…The Fixer stood at the foot of the table, fiddling with an array of surgical tools, which pinged noisily on a steel tray. Beside him on a wooden trolley was a rack of steel hypodermic syringes, which contained a range of strange, multi-colored fluids. Newbury took the opportunity to take a better look at the man who called himself the Fixer.
Aside from the contraption on his head, the man was wearing a tarnished leather smock and matching leather gloves. Newbury couldn’t help thinking that he had more of the appearance of a butcher about him than of a physician. He had a ruddy complexion and the manner of a public schoolboy. Newbury suspected he spent a great deal of time in his workshop, and very little time engaging with the world.
…The basement was lit by a series of long, unusual gas lamps that arced across the ceiling from one wall to the other, curved glass tubes that terminated with gas valves where they met the walls at each end. An array of strange machines and surgical tables filled the space in between. One of these – a large brass contraption about the size of a small table, with two glass vats full of bubbling fluid atop it – had long coils of tubing that snaked out from the belly of the machine and away into the dark corners of the room. Another, smaller contraption was fitted with wheezing bellows of the sort Newbury had seen attached to Queen Victoria’s life-preserving engine. It even rose and fell with the same constant rhythm of Her Majesty’s breathing machine, although in this instance it appeared that the bellows were helping to power an unusual electrical device, the lights on it flickering from orange to blue as the exposed filaments danced with the current.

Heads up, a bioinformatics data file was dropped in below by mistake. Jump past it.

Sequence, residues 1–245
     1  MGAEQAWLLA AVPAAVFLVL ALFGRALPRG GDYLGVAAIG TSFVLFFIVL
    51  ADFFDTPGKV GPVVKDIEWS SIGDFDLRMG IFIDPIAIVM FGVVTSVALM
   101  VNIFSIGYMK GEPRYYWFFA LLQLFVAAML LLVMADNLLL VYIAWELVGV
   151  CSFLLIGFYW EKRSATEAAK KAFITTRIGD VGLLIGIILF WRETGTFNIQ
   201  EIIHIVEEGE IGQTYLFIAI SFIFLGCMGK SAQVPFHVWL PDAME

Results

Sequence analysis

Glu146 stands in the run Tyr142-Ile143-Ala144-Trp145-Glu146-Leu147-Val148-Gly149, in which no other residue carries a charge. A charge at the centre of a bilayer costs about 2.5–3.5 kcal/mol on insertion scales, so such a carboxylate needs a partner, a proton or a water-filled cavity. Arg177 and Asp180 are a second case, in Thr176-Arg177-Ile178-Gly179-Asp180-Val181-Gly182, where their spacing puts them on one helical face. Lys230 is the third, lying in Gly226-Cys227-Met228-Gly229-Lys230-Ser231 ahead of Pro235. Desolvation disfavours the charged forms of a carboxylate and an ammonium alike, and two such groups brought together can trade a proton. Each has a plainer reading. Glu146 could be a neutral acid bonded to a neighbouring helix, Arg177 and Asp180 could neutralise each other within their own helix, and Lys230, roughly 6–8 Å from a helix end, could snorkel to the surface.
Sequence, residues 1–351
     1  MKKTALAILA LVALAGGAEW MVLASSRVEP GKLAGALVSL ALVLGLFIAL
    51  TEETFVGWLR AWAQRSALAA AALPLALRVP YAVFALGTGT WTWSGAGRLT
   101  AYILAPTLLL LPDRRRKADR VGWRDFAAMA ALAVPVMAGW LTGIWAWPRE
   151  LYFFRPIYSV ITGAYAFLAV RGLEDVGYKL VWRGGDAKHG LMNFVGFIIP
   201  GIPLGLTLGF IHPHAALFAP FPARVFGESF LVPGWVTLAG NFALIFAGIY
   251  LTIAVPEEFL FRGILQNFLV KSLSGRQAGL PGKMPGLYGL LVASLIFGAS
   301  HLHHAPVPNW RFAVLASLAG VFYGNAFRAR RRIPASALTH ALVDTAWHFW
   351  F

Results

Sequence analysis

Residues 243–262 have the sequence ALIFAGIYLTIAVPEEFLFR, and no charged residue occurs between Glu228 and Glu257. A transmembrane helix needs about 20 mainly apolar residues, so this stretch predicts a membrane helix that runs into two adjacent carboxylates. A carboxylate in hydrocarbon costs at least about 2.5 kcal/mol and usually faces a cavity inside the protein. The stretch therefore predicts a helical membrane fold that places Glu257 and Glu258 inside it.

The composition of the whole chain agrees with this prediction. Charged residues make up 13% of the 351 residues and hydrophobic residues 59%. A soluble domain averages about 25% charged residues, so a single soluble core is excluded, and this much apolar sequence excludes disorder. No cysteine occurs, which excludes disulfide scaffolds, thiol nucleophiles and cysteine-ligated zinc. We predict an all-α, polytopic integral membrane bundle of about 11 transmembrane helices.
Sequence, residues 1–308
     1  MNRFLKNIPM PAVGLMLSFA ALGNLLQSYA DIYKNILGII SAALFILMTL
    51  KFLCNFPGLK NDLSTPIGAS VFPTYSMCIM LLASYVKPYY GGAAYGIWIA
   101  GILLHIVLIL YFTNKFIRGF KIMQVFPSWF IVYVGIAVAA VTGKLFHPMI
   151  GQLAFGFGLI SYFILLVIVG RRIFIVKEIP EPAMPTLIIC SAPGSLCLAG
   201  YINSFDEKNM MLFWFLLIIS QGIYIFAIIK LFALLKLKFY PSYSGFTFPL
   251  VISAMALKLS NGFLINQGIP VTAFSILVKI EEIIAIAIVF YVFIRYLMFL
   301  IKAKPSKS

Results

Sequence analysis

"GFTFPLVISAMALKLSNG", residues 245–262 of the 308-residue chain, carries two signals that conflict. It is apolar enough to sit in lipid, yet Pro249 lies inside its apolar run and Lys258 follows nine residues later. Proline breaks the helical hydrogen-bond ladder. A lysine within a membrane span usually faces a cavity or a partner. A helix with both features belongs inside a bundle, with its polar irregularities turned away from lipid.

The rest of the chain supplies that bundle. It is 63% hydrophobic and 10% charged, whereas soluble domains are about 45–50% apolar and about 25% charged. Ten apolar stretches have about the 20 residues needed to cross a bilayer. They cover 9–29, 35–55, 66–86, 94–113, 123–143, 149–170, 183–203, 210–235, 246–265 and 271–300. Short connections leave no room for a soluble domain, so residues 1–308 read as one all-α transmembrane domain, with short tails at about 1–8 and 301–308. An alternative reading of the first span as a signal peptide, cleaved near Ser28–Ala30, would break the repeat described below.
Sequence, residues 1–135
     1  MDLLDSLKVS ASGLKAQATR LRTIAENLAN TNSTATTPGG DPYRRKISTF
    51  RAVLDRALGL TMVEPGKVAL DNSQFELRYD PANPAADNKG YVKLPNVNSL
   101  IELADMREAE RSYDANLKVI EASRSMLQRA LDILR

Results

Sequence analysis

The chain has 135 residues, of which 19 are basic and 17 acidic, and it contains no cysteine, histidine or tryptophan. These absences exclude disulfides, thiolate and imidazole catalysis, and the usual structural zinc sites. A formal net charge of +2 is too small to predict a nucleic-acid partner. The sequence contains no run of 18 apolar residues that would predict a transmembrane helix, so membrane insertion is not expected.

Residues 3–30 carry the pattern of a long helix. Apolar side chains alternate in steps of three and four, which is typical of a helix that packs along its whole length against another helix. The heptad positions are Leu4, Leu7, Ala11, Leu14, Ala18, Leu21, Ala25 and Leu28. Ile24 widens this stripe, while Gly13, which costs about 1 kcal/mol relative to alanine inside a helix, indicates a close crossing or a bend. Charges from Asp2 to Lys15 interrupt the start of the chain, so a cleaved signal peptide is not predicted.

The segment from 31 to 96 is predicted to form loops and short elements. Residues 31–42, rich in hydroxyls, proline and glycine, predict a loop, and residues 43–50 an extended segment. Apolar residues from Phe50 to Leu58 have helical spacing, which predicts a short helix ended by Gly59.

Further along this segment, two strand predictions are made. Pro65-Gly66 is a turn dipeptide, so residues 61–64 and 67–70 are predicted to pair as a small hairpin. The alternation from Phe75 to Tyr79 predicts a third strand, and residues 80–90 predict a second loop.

The alarming contraption above Newbury’s own table was connected to an extensive brass framework, a kind of large gun on a moveable rail, with fat tubing trailing from the back of it and disappearing into a nearby hatch in the floor. The device had a trigger fitted to the undercarriage and the end of it terminated in a spread of fine needles, bunched together to form a neat point. Newbury shivered.
The Fixer turned to notice him looking. “Impressive, isn’t it?” He turned to encapsulate the room with a gesture of his arms, indicating the various machines. “This is what Dr. Fabian gets up to when he isn’t busy attending to Her Majesty or running errands for the likes of you and Sir Charles. Works of genius, every one of them.”
Groggily, Newbury met his gaze, and felt immediately disoriented by the sight of the man’s strange eyewear, which magnified the appearance of his right eye so that it seemed at least three times the size of his left. “So, what’s next? Surgery?”
The Fixed smiled. “Of a sort. I’m going to knit your shoulder and chest back together with my stitching machine.” He indicated the gunlike device on the rail overhead. “Then I can give you a blood transfusion and a dose of one of Dr. Fabian’s excellent compounds.”
Newbury narrowed his eyes. “What will it do?”
“Fix you, of course.” The man beamed….”When the powder is dissolved in saline and transfused into the human body, it boosts the existing immune system, helping the blood cells to clot and bind, so that muscles and bones can reconnect very swiftly indeed….”
(From George Mann, The Affinity Bridge, pp. 220-25.)